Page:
When using MLA format, do you need to insert ellipsis points if you omit words from the beginning of a quote?
Generally speaking, ellipses are unnecessary at the beginning of quoted sentences where words are left out. Think about the weaving of quoted material into your own paraphrased context. Sometimes only a few words within your sentence are in quotations. In such a case, as long as you are not changing the meaning of the original text, it is perfectly acceptable to pick and choose the parts you wish to quote and ellipses at the beginning or the end of quoted material are unnecessary. Consider the following (made-up) example:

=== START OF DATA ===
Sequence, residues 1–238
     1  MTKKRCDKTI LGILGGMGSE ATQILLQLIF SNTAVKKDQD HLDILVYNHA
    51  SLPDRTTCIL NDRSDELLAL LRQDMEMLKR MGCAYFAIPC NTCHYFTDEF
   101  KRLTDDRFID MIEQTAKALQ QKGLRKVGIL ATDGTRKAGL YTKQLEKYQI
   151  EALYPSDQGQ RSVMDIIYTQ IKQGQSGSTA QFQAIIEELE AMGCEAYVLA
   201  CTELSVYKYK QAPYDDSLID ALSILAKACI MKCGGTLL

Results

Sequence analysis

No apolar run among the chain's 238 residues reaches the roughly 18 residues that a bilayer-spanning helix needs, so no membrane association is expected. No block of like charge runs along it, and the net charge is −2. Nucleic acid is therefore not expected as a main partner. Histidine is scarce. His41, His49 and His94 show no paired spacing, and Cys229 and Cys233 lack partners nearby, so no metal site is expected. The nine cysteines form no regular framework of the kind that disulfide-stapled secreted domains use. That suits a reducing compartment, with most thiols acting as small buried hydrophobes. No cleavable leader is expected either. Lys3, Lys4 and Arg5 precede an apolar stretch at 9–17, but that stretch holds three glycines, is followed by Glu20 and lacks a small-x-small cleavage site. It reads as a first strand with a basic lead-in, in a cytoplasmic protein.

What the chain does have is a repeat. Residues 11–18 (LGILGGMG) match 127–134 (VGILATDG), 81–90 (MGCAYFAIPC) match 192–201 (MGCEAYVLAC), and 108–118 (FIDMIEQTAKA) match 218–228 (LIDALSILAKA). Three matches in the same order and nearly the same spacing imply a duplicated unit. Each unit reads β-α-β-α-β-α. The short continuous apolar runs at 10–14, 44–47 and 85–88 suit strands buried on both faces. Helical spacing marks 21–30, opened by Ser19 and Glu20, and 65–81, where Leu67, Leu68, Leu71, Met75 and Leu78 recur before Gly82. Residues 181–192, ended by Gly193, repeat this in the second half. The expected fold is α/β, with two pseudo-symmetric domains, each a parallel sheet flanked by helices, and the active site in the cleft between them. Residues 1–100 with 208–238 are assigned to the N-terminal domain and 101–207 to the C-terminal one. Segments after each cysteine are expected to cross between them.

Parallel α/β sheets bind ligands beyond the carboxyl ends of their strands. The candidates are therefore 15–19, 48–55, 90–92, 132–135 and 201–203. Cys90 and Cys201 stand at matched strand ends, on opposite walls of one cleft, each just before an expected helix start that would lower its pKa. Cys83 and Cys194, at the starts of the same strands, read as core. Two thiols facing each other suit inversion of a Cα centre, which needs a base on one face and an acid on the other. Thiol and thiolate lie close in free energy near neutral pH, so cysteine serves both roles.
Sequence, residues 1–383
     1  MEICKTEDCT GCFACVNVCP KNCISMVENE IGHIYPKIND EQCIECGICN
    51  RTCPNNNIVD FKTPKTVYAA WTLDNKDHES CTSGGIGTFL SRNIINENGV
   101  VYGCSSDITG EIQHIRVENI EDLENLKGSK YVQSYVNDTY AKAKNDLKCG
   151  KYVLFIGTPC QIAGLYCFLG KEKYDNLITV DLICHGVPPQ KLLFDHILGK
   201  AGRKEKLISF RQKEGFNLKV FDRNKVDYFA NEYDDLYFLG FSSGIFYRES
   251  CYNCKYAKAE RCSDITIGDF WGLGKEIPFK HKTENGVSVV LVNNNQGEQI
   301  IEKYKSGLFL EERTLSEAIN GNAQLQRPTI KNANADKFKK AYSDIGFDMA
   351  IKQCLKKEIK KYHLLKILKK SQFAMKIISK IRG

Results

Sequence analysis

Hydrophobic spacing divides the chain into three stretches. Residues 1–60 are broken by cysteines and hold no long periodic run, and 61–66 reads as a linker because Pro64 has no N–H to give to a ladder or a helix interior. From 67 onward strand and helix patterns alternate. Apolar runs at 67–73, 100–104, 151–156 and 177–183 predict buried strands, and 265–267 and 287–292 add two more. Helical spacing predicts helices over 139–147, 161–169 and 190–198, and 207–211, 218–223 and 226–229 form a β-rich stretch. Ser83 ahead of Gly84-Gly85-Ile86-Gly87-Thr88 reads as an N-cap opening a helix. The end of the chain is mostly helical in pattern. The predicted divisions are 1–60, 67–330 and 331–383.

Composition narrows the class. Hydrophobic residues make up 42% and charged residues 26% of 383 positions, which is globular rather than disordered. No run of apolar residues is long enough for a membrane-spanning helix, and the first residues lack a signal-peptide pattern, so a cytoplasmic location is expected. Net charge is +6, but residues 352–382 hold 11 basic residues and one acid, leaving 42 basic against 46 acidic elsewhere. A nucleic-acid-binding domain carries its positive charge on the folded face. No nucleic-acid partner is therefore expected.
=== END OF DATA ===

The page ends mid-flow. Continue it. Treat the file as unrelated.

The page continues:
Original quote: "I love Mark Twain's satire. He is one of my heroes in the literary world because he uses intelligence combined with humor to make his point." - John Smith
Use of quote with correct MLA format: Mark Twain's satire has earned him the status of "hero" in the literary world. One author claims to love him because of the way "he uses intelligence combined with humor" (Smith 89).
The only exception to the elimination of ellipses would be if you are quoting something that already includes ellipses in the original text. In this case, do put the ellipses in the quote to show it was in the original. If you need to omit words (from a text that includes its own ellipses) and therefore add your own ellipses, MLA suggests putting your ellipses in brackets [...] to show that they are added and suggest that you omitted words, rather than omissions from the original text.